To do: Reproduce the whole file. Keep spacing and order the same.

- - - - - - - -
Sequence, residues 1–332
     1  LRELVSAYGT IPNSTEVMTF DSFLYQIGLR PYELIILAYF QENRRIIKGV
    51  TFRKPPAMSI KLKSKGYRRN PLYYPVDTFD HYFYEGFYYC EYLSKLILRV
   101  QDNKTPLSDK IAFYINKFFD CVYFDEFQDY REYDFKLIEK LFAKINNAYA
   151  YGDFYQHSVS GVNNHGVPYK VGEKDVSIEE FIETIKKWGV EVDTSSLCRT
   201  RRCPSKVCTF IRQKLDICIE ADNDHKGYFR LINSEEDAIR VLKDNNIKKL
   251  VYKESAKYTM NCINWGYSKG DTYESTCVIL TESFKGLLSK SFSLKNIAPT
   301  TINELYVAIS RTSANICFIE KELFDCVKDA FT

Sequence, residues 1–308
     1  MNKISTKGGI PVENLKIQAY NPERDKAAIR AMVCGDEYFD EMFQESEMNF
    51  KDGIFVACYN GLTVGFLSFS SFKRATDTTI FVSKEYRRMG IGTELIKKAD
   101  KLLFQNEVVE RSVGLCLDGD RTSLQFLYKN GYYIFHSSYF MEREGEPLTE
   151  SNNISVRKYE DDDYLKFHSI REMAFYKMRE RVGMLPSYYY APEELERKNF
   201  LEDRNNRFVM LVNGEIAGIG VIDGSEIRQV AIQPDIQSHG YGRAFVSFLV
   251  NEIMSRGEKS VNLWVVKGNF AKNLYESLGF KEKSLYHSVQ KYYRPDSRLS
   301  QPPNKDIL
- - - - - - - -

Sequence, residues 1–332
     1  LRELVSAYGT IPNSTEVMTF DSFLYQIGLR PYELIILAYF QENRRIIKGV
    51  TFRKPPAMSI KLKSKGYRRN PLYYPVDTFD HYFYEGFYYC EYLSKLILRV
   101  QDNKTPLSDK IAFYINKFFD CVYFDEFQDY REYDFKLIEK LFAKINNAYA
   151  YGDFYQHSVS GVNNHGVPYK VGEKDVSIEE FIETIKKWGV EVDTSSLCRT
   201  RRCPSKVCTF IRQKLDICIE ADNDHKGYFR LINSEEDAIR VLKDNNIKKL
   251  VYKESAKYTM NCINWGYSKG DTYESTCVIL TESFKGLLSK SFSLKNIAPT
   301  TINELYVAIS RTSANICFIE KELFDCVKDA FT

Sequence, residues 1–308
     1  MNKISTKGGI PVENLKIQAY NPERDKAAIR AMVCGDEYFD EMFQESEMNF
    51  KDGIFVACYN GLTVGFLSFS SFKRATDTTI FVSKEYRRMG IGTELIKKAD
   101  KLLFQNEVVE RSVGLCLDGD RTSLQFLYKN GYYIFHSSYF MEREGEPLTE
   151  SNNISVRKYE DDDYLKFHSI REMAFYKMRE RVGMLPSYYY APEELERKNF
   201  LEDRNNRFVM LVNGEIAGIG VIDGSEIRQV AIQPDIQSHG YGRAFVSFLV
   251  NEIMSRGEKS VNLWVVKGNF AKNLYESLGF KEKSLYHSVQ KYYRPDSRLS
   301  QPPNKDIL